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Crossing the Bridge Noodles

To be perfectly honest, I’ve been out-noodled. After nearly three weeks on the road with noodles for breakfast (standard Chinese hotel fare) noodles for lunch (favoured street food of Yunnan) and sometimes even noodles for dinner, I am kind of at my annual noodle limit, and it’s only April. Normally, I love noodles, but that’s when I’m eating them in addition to other foods. There’s one noodle dish though, that I had been dying to try ever since I arrived in Yunnan, probably Yunnan’s most famous dish. Once I ate Crossing the Bridge Noodles, I told my noodle-fatigued family, that will be it. Promise.
Crossing the Bridge Noodles, (Guò Qiáo Mĭxiàn  过桥米线), like so many famous Chinese dishes, has a story attached. Legend goes that an Imperial scholar, distracted while studying for an important exam, exiled himself to a pavilion on a small island. Every day, his wife would walk over the bridge to the island with his lunch, but it often got cold on the way. She discovered a simple solution to the problem – if she covered the broth with a layer of oil it retained the heat much better, and she could then add the noodles to the hot broth once she arrived. The dish is named in her honour.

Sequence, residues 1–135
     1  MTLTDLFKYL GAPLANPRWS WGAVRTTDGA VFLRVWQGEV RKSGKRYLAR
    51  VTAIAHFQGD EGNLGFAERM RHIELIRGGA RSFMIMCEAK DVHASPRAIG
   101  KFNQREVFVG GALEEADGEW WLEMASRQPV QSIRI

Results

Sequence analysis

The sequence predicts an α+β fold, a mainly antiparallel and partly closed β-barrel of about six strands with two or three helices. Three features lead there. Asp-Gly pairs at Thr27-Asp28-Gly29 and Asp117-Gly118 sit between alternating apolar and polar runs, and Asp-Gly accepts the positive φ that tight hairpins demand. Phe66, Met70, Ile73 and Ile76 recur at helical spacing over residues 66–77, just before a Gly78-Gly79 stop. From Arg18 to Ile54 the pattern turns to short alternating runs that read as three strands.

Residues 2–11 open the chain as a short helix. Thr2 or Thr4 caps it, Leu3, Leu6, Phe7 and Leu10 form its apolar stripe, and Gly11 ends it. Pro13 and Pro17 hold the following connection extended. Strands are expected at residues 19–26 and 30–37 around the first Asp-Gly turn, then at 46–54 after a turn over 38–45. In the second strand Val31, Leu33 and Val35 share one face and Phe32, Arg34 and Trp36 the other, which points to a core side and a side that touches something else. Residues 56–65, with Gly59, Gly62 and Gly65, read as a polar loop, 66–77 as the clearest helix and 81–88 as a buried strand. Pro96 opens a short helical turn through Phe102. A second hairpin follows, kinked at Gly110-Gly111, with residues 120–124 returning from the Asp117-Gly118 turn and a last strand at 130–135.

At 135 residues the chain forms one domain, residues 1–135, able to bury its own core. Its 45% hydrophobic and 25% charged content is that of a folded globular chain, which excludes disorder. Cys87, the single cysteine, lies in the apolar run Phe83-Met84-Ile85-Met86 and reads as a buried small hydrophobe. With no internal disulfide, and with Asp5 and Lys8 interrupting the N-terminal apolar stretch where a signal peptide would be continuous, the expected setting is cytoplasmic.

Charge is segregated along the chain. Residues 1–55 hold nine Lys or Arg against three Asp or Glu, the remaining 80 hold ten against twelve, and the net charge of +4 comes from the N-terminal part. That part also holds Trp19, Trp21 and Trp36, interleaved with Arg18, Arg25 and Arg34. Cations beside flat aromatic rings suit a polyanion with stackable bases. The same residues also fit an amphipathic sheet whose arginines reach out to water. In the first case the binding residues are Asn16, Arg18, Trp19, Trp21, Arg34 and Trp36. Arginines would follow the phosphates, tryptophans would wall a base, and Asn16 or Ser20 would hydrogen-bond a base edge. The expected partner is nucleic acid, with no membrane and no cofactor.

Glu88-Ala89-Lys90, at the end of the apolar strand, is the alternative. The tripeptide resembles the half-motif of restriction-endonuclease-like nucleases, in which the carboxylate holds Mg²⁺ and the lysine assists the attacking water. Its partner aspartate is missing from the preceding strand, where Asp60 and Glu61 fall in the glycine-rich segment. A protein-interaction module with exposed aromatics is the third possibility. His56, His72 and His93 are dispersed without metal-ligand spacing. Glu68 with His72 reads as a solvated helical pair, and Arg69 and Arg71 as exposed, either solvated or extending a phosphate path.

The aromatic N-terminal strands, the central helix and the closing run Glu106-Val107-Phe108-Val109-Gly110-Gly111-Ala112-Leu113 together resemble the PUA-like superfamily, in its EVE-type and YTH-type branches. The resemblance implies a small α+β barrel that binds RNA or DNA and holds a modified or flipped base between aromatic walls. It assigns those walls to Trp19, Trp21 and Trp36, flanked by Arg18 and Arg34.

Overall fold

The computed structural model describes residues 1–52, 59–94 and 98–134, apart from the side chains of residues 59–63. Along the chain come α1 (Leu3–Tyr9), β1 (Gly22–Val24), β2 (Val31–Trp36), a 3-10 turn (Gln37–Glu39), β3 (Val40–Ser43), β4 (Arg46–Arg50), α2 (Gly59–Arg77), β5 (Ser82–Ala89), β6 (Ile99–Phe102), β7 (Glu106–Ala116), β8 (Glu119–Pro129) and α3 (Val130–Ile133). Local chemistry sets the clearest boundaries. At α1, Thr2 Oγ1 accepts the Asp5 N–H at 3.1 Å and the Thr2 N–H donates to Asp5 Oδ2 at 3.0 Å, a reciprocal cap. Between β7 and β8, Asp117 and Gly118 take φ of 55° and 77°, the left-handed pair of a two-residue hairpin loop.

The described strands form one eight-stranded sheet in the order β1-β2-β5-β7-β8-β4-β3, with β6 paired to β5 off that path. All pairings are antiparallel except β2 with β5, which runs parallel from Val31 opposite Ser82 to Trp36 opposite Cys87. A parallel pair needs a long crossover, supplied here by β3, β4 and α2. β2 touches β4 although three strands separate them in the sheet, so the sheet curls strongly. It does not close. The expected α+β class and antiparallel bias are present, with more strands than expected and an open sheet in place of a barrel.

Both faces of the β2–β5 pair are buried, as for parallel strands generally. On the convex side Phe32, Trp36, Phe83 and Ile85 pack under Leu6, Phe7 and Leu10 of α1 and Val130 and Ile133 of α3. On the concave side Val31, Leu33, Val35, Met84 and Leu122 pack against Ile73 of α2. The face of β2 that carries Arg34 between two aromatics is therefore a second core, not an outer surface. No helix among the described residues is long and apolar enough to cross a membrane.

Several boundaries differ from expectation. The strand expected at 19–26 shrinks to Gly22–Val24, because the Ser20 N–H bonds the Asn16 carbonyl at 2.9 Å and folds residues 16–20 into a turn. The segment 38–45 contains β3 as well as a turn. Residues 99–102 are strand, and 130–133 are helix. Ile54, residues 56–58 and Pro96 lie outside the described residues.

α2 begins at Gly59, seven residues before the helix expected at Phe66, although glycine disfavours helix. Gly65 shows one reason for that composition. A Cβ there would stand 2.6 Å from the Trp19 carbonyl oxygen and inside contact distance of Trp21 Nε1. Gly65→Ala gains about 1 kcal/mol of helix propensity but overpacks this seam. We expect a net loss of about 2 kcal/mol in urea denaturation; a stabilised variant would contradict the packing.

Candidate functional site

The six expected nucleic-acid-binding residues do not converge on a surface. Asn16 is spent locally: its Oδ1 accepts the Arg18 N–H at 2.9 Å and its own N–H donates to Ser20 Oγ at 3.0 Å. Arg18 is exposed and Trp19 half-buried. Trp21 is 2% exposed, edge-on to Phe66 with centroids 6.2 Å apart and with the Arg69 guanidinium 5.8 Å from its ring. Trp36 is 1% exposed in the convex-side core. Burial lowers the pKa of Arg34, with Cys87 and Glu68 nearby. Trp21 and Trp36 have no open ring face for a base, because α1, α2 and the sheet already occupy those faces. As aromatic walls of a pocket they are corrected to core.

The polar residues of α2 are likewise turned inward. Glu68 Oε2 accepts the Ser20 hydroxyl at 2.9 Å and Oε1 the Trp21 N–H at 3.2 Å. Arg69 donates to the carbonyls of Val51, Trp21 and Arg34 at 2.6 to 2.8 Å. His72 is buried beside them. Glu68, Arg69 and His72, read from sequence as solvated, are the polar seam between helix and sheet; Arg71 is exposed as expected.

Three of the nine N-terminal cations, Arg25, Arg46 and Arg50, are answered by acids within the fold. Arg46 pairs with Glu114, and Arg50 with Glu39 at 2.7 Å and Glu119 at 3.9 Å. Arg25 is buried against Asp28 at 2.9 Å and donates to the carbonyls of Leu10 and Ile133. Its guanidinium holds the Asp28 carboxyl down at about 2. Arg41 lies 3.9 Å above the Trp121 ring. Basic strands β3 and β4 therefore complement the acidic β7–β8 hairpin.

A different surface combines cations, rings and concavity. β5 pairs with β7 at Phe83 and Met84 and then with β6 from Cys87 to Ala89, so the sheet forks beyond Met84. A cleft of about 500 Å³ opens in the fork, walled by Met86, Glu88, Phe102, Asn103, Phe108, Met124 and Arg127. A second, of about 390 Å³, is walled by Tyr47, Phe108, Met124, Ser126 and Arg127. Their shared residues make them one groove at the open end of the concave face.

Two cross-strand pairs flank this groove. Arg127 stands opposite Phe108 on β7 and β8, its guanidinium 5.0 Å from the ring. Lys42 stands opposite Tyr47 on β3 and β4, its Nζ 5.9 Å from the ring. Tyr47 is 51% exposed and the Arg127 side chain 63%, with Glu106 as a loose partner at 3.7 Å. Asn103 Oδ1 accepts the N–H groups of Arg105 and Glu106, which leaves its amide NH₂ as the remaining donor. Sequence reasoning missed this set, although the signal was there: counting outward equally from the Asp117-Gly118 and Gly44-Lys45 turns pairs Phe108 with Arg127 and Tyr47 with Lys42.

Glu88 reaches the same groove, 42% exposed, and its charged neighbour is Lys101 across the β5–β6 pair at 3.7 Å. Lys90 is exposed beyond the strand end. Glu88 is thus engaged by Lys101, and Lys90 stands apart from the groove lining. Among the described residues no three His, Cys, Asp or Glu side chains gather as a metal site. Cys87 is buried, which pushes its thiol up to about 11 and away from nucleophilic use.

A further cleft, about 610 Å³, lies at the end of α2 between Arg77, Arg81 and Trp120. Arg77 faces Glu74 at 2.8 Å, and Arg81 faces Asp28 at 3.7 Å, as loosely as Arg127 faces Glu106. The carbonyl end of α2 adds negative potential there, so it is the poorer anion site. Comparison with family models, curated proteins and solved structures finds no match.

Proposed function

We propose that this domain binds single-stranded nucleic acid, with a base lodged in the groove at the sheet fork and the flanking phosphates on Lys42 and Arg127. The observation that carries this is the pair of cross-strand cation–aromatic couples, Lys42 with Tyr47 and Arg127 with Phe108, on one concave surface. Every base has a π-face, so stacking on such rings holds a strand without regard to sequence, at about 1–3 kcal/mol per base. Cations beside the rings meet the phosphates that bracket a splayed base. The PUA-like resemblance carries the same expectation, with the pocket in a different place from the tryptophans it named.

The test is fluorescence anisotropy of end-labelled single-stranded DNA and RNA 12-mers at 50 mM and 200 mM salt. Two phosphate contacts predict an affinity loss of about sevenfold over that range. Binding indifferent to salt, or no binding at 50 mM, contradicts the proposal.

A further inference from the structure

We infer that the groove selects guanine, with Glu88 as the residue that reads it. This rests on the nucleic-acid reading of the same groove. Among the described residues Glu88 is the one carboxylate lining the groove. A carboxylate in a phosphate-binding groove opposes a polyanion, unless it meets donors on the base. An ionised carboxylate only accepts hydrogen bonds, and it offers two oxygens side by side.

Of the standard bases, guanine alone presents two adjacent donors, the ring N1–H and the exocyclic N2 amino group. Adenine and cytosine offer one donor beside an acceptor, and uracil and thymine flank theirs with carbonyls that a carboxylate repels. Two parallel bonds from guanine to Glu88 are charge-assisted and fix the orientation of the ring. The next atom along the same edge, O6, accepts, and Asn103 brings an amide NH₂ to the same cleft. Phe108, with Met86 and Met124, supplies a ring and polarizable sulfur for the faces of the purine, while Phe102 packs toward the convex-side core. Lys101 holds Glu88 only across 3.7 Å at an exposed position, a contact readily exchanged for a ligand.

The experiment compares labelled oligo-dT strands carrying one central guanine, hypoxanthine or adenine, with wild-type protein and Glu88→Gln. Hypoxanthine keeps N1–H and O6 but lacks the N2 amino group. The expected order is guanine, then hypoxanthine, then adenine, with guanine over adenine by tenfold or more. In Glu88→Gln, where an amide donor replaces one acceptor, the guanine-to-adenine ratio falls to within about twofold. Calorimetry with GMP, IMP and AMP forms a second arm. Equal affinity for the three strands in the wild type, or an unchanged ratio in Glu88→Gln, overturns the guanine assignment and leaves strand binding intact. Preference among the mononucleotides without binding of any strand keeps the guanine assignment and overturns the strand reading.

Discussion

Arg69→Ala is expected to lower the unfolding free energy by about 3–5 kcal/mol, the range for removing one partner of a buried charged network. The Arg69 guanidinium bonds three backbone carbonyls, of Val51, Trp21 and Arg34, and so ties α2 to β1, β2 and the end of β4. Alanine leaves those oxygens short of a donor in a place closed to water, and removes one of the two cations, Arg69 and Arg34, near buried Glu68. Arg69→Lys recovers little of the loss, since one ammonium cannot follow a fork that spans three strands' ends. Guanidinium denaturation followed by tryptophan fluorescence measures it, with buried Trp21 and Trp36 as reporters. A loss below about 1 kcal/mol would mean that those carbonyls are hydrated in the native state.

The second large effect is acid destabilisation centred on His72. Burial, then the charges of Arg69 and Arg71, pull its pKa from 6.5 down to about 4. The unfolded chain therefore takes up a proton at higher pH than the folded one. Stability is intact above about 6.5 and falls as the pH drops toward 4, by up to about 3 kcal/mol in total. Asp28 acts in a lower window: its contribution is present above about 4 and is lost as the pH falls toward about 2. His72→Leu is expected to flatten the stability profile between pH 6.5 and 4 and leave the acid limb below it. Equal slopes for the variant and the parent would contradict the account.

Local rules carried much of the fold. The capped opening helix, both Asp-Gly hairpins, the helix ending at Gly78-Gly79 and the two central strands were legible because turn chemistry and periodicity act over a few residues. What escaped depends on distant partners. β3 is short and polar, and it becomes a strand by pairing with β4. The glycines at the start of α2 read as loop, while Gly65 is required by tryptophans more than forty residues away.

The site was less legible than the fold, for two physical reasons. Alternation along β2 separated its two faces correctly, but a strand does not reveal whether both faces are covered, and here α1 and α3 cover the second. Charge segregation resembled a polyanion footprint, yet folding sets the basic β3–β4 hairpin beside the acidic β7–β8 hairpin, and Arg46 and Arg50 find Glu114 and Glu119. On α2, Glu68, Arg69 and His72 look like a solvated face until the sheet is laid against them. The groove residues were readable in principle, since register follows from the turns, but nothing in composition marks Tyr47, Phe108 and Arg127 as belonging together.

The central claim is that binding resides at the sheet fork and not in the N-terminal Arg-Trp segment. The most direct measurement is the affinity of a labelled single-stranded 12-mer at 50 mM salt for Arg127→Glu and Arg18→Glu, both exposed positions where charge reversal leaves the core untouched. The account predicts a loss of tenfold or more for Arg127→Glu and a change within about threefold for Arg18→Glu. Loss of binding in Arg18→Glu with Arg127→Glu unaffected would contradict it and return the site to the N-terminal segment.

Experiencing a meal of Crossing the Bridge noodles is as much theatre as it is sustenance. Having ordered and paid at the front door (13 yuan ($2) for noodles with the works), we take our seats in a giant and busy restaurant. The walls are lined with checkered pink and white tiles, and dozens of diners slurp noisily at every table. Around the outside of the dining room are assorted stations, where the white-coated waiters rush to and fro to bring the various components of the meal. There is the soup station, issuing forth bowl after bowl of hot soup through a hatch in the wall; the noodle station, where small bowls of rice noodles are stacked in precarious towers on a counter; and the meat and vegetable station, with piles of tiny platters of bok choy, shredded tofu, cooked chicken pieces, slices of pork, and scallions wait to be delivered.
The waiters, about twenty or so, rush back and forth with great speed, balancing huge trays and giant soup bowls as they weave between tables, yelling orders at one another all the while. Our waiter, a very young man in a very, very grubby white coat, brings a veritable tureen of boiling broth to begin with, one for each of us, made with chicken bones and pork and covered with a thin layer of oil. The soup is scalding hot, hot enough for the restaurant to have signs warning diners to ‘Mind The Soup’ on every wall, but no steam rises because the oil traps it within. 
Next comes an enormous tray with six separate small dishes and bowls. A tiny, freshly cracked raw quail’s egg. A platter of meats – slices of pork as thin as a petal, slivers of pink sausage, and chunks of cooked chicken. A saucer of scallions. A bowl of cold white rice noodles. A saucer of bok choy, 3 leaves. A dish of pickles.